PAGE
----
American Airlines' Snafu Gives Too Many Pilots Off In December
DAVID GREENE, HOST:
All right. American Airlines made a mistake at the wrong time. The airline accidentally gave too many pilots time off. So as it's preparing for the holiday rush, the airline is scrambling to staff thousands of upcoming flights. As NPR's David Schaper reports, though, American is saying it doesn't expect too many cancellations.
DAVID SCHAPER, BYLINE: Flying a plane is no 9 to 5 job, and every commercial airline pilot knows they'll be working their fair share of red eyes, weekends and holidays. So many American Airlines pilots were pleasantly surprised last week to find that requests to drop trips over the holidays were granted.
DENNIS TAJER: So they went to their sons, daughters, husbands and wives and said, hey, guess what? I'm off for Christmas. First time in 10 years.
SCHAPER: Captain Dennis Tajer, who serves as spokesman for American's pilots union says it was indeed too good to be true. A glitch in the scheduling system, not caused by computers, gave more pilots time off over the holidays than it should have. So more than 15,000 flights from December 17 through December 31 have no assigned pilot, co-pilot, or both.
TAJER: Just like a major snowstorm. This is a manmade one. When that happens, it creates mayhem for our passengers and it creates mayhem for the pilots because they are reassigned and then they're out on the road for an extra three or four days.
SCHAPER: And Tajer says many pilots are already scheduled for lots of flights earlier in December.
TAJER: There are maximums to how much a pilot can fly. So you pull on one string and a whole lot of other strings come undone in the tapestry of flight operations.
SCHAPER: American Airlines spokesman Matt Miller acknowledges the scheduling problem but won't say how many flights are affected. He says the airline is working to fill those open cockpit seats.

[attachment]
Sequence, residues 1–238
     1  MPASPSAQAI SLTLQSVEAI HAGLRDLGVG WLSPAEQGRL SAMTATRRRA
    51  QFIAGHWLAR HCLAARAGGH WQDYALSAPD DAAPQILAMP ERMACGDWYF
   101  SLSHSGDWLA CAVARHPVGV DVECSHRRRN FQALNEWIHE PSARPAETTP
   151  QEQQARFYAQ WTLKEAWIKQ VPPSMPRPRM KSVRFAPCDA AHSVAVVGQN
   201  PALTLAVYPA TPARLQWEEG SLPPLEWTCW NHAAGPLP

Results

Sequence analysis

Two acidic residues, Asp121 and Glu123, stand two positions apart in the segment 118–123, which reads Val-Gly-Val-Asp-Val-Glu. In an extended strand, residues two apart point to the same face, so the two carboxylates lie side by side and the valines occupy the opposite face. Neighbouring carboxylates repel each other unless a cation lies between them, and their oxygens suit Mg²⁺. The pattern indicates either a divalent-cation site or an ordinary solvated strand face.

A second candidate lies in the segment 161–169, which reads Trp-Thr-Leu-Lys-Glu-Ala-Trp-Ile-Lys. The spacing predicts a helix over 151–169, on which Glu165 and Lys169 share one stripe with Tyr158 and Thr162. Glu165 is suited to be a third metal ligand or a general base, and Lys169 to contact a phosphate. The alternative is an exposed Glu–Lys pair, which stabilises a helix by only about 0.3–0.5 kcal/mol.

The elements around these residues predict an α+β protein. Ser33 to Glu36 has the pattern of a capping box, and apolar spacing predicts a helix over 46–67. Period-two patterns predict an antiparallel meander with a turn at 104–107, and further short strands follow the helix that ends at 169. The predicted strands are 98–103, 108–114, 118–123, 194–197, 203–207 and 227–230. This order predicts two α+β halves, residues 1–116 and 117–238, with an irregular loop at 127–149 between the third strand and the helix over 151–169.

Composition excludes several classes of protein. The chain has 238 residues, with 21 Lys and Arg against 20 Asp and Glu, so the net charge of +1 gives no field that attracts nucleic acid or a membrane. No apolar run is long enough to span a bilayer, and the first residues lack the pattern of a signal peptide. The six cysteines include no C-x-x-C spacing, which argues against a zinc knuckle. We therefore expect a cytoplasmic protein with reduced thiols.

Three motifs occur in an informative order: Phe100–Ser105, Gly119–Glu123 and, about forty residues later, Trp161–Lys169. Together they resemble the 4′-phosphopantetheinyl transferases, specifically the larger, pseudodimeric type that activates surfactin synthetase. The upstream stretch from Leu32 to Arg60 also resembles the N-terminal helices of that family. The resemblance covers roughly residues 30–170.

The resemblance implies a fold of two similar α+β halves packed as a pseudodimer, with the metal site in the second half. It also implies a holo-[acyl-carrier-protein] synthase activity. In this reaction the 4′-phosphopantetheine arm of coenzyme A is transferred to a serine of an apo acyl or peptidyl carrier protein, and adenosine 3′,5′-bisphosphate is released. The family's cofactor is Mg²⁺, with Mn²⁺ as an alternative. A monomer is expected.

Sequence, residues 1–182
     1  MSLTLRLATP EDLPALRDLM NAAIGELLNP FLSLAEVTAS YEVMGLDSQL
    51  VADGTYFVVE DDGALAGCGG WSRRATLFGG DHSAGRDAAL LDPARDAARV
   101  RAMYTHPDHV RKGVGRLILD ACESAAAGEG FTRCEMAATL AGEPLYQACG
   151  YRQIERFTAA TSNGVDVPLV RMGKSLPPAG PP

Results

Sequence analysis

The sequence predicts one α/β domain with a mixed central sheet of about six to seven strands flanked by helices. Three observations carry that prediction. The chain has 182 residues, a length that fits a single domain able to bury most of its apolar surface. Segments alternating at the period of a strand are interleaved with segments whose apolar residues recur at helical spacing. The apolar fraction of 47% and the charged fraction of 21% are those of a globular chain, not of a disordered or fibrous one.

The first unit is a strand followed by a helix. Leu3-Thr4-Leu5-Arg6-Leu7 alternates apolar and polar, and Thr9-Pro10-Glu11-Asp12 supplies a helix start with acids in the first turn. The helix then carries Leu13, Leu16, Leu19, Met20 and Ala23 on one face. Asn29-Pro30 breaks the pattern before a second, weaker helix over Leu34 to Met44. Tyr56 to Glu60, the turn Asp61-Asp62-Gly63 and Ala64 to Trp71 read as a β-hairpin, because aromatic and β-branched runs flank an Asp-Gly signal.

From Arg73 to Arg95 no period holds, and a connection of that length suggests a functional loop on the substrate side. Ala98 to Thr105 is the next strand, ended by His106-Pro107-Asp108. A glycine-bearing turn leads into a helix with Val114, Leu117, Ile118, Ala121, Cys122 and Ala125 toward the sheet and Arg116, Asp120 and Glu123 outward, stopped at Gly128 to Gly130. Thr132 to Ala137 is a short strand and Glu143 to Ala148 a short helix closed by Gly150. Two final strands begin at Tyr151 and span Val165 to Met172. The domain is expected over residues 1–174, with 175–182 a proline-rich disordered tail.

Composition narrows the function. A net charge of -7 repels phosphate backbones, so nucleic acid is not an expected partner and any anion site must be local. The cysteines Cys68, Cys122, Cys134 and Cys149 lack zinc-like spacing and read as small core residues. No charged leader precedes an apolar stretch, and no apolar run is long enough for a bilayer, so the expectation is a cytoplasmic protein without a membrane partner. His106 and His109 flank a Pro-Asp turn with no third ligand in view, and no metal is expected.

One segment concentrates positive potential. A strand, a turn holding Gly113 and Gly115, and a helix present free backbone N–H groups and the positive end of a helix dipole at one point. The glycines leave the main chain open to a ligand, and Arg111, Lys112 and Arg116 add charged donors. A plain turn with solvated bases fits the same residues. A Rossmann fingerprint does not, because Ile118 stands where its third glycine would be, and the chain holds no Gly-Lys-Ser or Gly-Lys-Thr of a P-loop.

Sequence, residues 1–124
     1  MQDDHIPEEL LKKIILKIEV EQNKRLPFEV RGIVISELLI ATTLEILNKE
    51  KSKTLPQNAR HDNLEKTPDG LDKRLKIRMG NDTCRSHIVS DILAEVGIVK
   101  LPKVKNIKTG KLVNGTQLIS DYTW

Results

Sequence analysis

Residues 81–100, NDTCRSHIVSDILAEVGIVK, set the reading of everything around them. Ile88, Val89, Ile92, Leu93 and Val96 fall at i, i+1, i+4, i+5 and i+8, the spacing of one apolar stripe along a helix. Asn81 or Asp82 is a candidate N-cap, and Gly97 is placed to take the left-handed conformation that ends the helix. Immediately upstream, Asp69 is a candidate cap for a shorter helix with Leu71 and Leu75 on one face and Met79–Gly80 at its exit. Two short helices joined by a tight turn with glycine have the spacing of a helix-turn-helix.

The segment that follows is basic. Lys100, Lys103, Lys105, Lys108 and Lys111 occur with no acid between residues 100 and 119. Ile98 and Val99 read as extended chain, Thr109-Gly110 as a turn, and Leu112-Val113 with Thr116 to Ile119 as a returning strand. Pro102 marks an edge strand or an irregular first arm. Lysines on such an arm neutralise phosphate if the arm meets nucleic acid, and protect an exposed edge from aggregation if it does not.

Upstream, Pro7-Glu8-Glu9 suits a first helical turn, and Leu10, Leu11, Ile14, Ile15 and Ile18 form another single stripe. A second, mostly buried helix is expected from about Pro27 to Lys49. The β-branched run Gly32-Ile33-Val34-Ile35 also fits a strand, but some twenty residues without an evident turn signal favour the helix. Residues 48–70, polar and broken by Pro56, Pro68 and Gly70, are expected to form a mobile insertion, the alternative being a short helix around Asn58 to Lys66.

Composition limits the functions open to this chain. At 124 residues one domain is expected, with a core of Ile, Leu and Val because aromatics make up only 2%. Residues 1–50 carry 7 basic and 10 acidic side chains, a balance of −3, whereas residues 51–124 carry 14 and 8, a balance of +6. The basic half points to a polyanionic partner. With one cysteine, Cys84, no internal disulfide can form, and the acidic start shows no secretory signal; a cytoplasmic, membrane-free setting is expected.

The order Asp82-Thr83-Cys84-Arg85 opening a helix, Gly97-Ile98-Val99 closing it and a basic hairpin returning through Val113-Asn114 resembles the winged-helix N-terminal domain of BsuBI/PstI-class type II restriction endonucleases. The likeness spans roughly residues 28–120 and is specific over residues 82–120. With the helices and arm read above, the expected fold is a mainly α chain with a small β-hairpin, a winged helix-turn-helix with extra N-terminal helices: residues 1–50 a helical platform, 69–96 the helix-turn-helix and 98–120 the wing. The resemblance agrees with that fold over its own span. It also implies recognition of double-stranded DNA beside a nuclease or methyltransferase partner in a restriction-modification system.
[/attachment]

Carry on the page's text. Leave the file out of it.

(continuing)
MATT MILLER: We have reserved pilots on tap to help cover flying in December, and we're also paying pilots who pick up certain open trips a premium time and a half.
SCHAPER: But while Miller says American Airlines doesn't expect to cancel flights, that may be easier said than done. Transportation expert Joe Schwieterman of Chicago's DePaul University says the timing couldn't be worse.
JOE SCHWIETERMAN: You look at the holiday season, and we're expecting record loads. And so you throw this kind of problem into the mix and, no doubt, travelers get nervous because many dread the crowds already without, you know, that lingering uncertainty.
SCHAPER: But Schwieterman expects the airline and its pilots union to work out their differences over holiday scheduling.
SCHWIETERMAN: They have a couple weeks to figure this out, and I wouldn't adjust any travel plans right now.
SCHAPER: With so much at stake, Schwieterman says, American Airlines is sure to open up its wallet in an attempt to lure more pilots back into the cockpit. They'll be trying to assure that their customers won't be scrambling to find seats for their holiday travels on competing airlines. David Schaper, NPR News.
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